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The Convergence of BioPharma and Digital Medicine

June 9, 2015
Our newfound capability of digitizing the medical essence of human beings with biosensors, imaging, sequencing and other biologic omics (A “Google Medical Map” of Each Individual) will be the foundation for a new era of medicine — one that is datafied and democratized.

Most of the leading biopharma companies have already begun to embrace digital medicine, through partnerships with online health communities, particularly Patients Like Me or via biosensors in a variety of conditions including diabetes, asthma, multiple sclerosis, and for improving medication adherence. The recent roll out of Apple’s ResearchKit has shown how quickly participants can be enrolled via mobile apps — more than 100,000 individuals for five apps within a few months. But along with enrolling in a research program, the patients have been able to obtain relevant data about their condition that was previously not available. For example, the mPower app developed at The University of Rochester provides the individual with objective smartphone-derived metrics for gait, tremor, and voice that may be helpful in dosing medications. Several mobile apps are already commercially available to enhance enrollment, independent of the iOS platform and, in aggregate, this provides a remarkable opportunity for fast, efficient enrollment and completion of clinical trials. There are still important issues to resolve such as privacy, security of the data, authentic identification of the participant and well-accepted standards of informed consent obtained via a mobile device app. Furthermore, none of the large projects have yet incorporated hardware —“adds”— for the smartphone, and unless the devices and data plans are supplied to participants, there is a concern about a skewed sample population.

Beyond smartphone and social media synapses, there is the attractive opportunity to leverage genomic and other biologic omic data (RNA, proteins, metabolites, microbiome, epigenome) to promote individualized medicine. Currently, for the top 10 medications on the Centers for Medicare & Medicaid Services (CMS) list there is overwhelming — nearly 80% unresponsiveness — and remarkable economic waste, no less the unnecessary exposure for adverse drug effects and potential for drug-drug interactions. With specialty drug costs skyrocketing, the need to define responders and to develop new drugs for non-responders is more urgent than ever. But so is there the potential to “crack the case” with our remarkable medical mapping technologies at the individual level.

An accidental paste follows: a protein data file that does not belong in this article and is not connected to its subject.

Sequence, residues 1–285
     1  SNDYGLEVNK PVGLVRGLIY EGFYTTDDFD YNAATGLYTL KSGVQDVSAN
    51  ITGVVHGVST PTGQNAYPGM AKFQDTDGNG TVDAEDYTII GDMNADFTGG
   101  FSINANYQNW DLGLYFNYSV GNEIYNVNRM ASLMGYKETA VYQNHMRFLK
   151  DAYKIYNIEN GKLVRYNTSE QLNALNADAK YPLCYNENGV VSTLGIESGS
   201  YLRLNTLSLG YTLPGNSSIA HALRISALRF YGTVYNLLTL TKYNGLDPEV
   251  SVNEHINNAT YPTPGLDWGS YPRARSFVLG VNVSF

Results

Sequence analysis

Soon, the patient-generated data via mobile devices will greatly exceed the quantity of data that traditionally exists in electronic medical records. Presently, such data are “homeless” and it is time to solve this problem, whether it be via personal clouds or the Healthbank model that exists in Switzerland. As medicine gets more digitized in this era of ubiquitous medical devices, pervasive connectivity and cloud/super computing, it also gets more democratized. Wherever there is a mobile signal, there’s an opportunity for better healthcare. And for better biopharma productivity and clinical efficacy in the future.

As the biopharmaceutical industry converges next week in Philadelphia for the 2015 BIO International Convention, many of these issues will be front and center on the agenda, with a robust slate of educational programming in the Digital Health Track. I am honored to be giving a keynote address on Wednesday, June 17 to discuss the state of digital medicine and its impact on healthcare, and hope you’ll be able to join us.

Dr. Eric Topol is the Director of the Scripps Translational Science Institute and author of The Patient Will See You Now, on how smartphones are putting medicine in your hands and The Creative Destruction of Medicine, the definitive book on the digital-medicine revolution. He has been named the #1 Most Influential Physician Executive in the United States by Modern Healthcare; a “Rock Star of Science” by GQ; and even the “Doctor of the Decade” by Scientific Information. Dr. Topol is widely recognized as the leading authority on digital medicine and its impact on every branch of healthcare.